Finally, we need to ensure high quality care outside the VA as well. Just under 40 percent of the total veteran population seek care at the VA, which means the current community clinical workforce needs to be equipped to support veterans and their families. A recent RAND report estimates that only eight percent of community mental health providers are prepared to address the mental health needs of this population. It is not even standard practice to ask if a patient is has served in the military. This has got to change. New Hampshire is leading the way with its campaign, “Ask the Question.” But beyond asking the question, providers need to know how best to provide treatment once they have the answer. The VA and its partners (particularly its academic partners) are best equipped to lead this effort.
Interdisciplinary Approach to Care
But suicide prevention is not just about mental health care. In February, the VA hosted a Suicide Prevention Summit, and IAVA and Vietnam Veterans of America were both invited to speak. Together, we called upon the Secretary to elevate the VA’s Suicide Prevention Office from Clinical Operations under Mental Health Services in VHA to the Office of the Secretary, at the same level that DOD places the office in its structure. Our reasoning is simple: while mental health is a major aspect of suicide prevention, it is not the only aspect. There are social factors that can also impact these actions, factors such as employment, finances and social supports. This is why IAVA has been so focused on employment initiatives, defending the new GI bill and creating a network of support among our members.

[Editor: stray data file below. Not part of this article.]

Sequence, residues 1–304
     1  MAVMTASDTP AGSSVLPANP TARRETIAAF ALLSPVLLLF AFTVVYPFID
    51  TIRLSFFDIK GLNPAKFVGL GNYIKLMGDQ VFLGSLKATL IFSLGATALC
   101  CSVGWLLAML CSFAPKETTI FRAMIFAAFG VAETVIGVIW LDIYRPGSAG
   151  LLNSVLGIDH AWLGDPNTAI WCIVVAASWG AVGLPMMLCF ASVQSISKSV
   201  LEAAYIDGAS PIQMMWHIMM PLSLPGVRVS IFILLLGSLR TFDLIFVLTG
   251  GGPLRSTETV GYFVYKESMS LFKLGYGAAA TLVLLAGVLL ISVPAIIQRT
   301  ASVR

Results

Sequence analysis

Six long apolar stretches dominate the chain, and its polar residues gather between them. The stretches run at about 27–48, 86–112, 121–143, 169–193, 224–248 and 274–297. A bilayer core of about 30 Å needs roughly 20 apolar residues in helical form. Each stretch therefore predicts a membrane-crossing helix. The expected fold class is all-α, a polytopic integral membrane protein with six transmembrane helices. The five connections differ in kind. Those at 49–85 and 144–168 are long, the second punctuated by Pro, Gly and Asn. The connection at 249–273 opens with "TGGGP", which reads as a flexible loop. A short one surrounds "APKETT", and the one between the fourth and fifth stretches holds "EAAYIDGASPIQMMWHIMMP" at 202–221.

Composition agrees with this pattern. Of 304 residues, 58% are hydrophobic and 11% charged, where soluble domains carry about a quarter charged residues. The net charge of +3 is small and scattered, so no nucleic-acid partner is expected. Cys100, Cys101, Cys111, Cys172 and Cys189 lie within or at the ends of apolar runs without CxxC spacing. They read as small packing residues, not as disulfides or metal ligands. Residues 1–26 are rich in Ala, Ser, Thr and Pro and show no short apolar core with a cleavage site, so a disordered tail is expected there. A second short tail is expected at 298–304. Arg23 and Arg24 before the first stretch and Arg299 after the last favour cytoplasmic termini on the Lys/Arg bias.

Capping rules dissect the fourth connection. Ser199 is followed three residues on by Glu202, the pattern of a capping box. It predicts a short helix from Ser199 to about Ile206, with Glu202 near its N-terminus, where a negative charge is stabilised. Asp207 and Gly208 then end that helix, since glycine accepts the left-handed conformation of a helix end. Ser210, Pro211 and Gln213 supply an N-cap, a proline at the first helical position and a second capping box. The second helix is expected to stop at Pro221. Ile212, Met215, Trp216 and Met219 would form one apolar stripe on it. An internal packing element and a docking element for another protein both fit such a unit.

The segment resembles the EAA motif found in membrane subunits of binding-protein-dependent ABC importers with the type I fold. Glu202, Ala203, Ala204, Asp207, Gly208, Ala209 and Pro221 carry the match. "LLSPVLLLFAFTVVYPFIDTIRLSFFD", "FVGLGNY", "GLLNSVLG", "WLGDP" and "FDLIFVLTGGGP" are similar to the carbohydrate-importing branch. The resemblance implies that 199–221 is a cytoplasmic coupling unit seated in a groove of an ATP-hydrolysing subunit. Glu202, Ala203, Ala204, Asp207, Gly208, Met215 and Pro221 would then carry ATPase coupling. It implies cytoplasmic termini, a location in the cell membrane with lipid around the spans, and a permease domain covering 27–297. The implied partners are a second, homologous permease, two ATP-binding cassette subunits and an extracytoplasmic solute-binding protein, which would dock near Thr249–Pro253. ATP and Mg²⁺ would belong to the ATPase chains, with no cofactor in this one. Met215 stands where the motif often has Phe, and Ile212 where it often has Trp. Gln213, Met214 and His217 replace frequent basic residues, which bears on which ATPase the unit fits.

Many of us have heard the tragic stories of Clay Hunt, Daniel Somers and other veterans who have died by suicide. Often these stories highlight not just the mental health challenges, but the challenges these individuals faced seeking care and obtaining VA benefits. The Suicide Prevention Office has to exist at a higher level, where it could impact both VHA and VBA. We are pleased that the Secretary has answered our call. We ask Congress to ensure that this office is fully resourced through a line-item on the budget so that it can be certain of its funding to carry out the critical mission with which it is tasked.
The Need for Research
We simply don’t know enough, yet, about suicide within the veteran population. We know that suicide impacts seniors disproportionately, but we don’t know why. We know that the women have a high rate of suicide, but don’t understand how best to intervene. We know that the post-9/11 generation is showing an increased risk, but are just starting to understand the risk factors that can really help us impact interventions. More research is critical to developing interventions. We cannot solve what we don’t understand.